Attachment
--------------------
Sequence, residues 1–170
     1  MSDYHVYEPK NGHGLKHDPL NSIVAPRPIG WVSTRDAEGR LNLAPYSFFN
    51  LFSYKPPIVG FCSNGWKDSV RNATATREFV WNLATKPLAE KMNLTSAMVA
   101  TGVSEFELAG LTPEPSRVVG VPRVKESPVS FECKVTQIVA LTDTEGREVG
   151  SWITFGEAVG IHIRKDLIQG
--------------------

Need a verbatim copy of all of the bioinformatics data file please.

Sequence, residues 1–170
     1  MSDYHVYEPK NGHGLKHDPL NSIVAPRPIG WVSTRDAEGR LNLAPYSFFN
    51  LFSYKPPIVG FCSNGWKDSV RNATATREFV WNLATKPLAE KMNLTSAMVA
   101  TGVSEFELAG LTPEPSRVVG VPRVKESPVS FECKVTQIVA LTDTEGREVG
   151  SWITFGEAVG IHIRKDLIQG